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Model railroad hobbyist shares expansive project

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Jim Niehaus's 1/48 scale model railroad project has been under construction for the past 15 years. (Press photo by Caroline Rosacker)

By Caroline Rosacker

The world of model railroading in America has changed throughout the years, but enthusiasts who meticulously build their own train sets are as passionate as ever. 

Jim Niehaus

Model trains have intrigued Jim Niehaus of Guttenberg since he was a young boy. He investigated model railroading more seriously when his boys were young. "When I started I built them for the kids," he began. "They liked HO trains because they traveled faster." 

As the boys' interests shifted, Jim switched to a different layout, but had trouble with train derailments. "I tore down that set, sold it, and started all over again," he explained. 

What began as miniature trains circling family Christmas trees in the mid-20th century has now expanded to include detailed miniature railroads displayed on elaborate sprawling layouts in buildings specifically built for hobbyists. 

15-year project

The model builder's current project is 1/48 scale and has been under construction for the past 15 years. His carefully crafted landscapes are just as realistic as the trains themselves. 

Connie, Jim's wife of 45 years, described his layout. "He designed it to look like the Colorado mountains," she shared. "I enjoy watching the trains make their way through the mountains and tunnels and detailed villages along the track."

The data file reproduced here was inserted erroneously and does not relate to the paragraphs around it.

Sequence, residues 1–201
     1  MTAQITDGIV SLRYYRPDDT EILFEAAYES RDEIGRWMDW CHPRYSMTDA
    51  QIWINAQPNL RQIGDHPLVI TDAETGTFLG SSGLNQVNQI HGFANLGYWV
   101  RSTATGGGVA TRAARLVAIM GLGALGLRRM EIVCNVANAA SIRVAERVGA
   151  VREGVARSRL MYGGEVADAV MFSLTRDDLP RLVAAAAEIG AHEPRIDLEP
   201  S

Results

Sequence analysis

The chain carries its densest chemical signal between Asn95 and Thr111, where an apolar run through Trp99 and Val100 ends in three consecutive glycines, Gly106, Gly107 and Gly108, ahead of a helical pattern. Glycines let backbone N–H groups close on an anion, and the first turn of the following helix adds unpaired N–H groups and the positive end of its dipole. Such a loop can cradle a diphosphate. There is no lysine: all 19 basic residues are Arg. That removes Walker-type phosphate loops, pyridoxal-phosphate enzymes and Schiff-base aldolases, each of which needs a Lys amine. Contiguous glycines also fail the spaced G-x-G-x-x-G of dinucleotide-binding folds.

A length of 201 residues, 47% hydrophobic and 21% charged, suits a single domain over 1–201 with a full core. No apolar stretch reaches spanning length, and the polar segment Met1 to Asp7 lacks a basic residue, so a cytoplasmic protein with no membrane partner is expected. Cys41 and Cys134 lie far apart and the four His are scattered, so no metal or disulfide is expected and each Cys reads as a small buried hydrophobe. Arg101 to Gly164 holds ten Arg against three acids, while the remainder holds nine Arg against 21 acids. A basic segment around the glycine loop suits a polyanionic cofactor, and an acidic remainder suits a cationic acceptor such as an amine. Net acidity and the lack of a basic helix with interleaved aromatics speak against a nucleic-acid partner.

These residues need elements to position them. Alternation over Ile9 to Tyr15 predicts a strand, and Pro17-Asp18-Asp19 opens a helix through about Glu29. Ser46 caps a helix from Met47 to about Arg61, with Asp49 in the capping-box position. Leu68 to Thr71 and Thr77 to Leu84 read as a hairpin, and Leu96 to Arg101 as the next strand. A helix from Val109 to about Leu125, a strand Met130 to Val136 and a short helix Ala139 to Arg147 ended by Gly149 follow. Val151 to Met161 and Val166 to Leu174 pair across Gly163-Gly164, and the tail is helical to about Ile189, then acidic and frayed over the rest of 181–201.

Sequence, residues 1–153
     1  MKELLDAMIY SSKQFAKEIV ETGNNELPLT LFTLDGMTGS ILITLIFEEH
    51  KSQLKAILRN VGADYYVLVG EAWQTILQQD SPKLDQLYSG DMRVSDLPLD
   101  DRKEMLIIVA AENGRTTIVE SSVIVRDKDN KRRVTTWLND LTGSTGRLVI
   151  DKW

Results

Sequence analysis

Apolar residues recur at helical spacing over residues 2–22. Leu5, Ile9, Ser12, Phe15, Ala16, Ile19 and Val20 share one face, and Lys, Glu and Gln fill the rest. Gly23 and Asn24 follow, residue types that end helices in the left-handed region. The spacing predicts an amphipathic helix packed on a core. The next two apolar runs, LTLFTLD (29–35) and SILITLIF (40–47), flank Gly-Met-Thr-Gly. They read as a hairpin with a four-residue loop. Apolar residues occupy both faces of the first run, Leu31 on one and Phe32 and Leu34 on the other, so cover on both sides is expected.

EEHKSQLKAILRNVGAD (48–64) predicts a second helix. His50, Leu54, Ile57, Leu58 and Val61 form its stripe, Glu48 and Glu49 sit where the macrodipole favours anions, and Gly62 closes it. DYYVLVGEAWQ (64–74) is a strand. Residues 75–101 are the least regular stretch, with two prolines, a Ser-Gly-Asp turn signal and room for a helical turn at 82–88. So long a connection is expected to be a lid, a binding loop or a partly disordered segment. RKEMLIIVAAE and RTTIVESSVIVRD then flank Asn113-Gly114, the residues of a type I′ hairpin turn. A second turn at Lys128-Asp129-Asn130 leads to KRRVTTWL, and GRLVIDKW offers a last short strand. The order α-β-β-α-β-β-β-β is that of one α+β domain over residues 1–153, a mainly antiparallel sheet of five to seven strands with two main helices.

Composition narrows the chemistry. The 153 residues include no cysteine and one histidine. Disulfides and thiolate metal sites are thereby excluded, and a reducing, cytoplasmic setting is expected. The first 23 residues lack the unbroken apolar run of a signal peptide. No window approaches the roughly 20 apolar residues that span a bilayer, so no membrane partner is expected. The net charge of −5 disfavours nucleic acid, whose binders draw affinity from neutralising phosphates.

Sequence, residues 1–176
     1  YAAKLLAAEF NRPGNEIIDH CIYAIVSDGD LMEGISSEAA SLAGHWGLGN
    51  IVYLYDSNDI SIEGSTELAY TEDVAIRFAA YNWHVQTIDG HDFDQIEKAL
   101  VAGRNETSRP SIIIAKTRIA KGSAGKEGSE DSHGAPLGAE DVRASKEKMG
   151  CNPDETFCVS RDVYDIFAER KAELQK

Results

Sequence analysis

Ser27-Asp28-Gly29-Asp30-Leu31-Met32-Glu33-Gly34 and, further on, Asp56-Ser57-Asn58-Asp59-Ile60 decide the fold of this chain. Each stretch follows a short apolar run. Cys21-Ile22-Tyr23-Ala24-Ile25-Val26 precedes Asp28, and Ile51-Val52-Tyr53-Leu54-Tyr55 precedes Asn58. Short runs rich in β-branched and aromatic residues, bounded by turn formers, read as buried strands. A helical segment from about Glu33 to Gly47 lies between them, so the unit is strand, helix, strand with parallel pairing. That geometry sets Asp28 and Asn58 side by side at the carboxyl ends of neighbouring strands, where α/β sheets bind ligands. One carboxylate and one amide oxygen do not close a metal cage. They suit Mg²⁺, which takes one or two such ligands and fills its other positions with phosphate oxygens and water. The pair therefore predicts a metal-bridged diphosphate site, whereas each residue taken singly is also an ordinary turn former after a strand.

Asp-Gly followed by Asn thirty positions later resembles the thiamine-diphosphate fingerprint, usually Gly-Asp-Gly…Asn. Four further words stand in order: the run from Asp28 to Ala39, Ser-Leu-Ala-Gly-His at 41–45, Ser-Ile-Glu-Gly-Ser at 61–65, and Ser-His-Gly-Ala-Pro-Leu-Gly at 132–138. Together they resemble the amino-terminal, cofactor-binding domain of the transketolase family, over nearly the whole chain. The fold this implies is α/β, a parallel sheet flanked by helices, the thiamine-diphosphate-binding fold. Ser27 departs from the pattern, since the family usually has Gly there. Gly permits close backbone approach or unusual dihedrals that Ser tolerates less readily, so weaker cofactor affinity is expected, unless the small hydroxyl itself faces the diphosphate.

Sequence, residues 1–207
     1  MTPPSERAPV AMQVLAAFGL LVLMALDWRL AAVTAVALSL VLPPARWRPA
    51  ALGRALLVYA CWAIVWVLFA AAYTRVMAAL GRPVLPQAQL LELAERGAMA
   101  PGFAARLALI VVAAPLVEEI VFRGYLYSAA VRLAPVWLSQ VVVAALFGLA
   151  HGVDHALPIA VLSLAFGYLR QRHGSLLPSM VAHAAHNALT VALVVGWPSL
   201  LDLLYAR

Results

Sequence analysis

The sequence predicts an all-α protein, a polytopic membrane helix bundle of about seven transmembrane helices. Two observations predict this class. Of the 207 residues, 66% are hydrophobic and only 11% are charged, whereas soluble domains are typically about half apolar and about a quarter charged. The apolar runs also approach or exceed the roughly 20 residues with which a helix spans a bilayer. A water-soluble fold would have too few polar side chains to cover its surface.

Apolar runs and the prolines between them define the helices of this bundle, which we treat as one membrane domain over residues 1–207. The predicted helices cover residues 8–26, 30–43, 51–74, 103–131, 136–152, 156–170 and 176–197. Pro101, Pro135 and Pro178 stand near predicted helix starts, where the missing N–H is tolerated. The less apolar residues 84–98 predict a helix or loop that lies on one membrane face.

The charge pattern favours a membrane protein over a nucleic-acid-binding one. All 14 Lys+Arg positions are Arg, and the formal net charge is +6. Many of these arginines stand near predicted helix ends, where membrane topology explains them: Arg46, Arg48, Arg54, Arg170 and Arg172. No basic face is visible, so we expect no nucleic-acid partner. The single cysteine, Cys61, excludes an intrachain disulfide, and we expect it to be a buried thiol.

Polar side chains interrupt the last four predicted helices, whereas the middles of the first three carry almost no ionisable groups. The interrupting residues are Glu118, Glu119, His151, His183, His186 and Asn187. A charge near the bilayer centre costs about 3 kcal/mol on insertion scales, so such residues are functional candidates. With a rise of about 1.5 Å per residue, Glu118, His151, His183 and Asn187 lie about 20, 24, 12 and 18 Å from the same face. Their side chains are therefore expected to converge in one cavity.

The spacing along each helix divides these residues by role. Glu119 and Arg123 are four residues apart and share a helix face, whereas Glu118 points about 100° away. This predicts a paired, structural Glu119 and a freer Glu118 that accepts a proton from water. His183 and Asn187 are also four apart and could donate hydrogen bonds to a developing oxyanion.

Jim added, "I enjoy the building process and the unique challenges that arise, and the artistry involved in making everything appear realistic." 

Uses drafting skills

Jim credited Harold "Bus" Kann who educated him as a draftsman, and his experience working at Hilton Homes and  Trademark Homes, Inc., in Guttenberg as a draftsman. "I learned a lot about construction which has been very useful in pursuing my hobby."

Jim's impressive villages include a collection of kits, out-of-the-box, and handmade and designed pieces. He tries to bring familiarity to his project and pointed out a miniature Pierce Furniture Store, a nod to his maternal grandmother's family; and a gas station/car repair piece named after a good friend – listing only a few. 

Dubuque 4th Street elevator

The draftsman's talent is showcased in many of his hand-crafted buildings that are an exact replication of full-size structures. A duplicate of the Dubuque Fourth Street Elevator caught my attention. "I really enjoy the challenge of handcrafting a building to be an exact replica," he commented. "I took several photos of the Fourth Street Elevator so I could get the specific layout and angle of each cable car. There is an electric eye on each end so it stops and switches directions," he explained. 

Satisfying hobby

With the flip of a switch Jim's attention to detail and artistry in the structures he creates brings his Colorado Mountain prototype to life. "Connie has no idea how much money I have spent on model trains throughout my life," he said with a laugh. 

She replied with a smile, "Oh yes I do. It's probably as much as I spend on shoes." 

The scale model builder attends approximately 13 train shows a year with his friends who also enjoy model trains. "We have a lot of fun attending shows and discussing the projects we are working on. It's been a lot of fun," he concluded.

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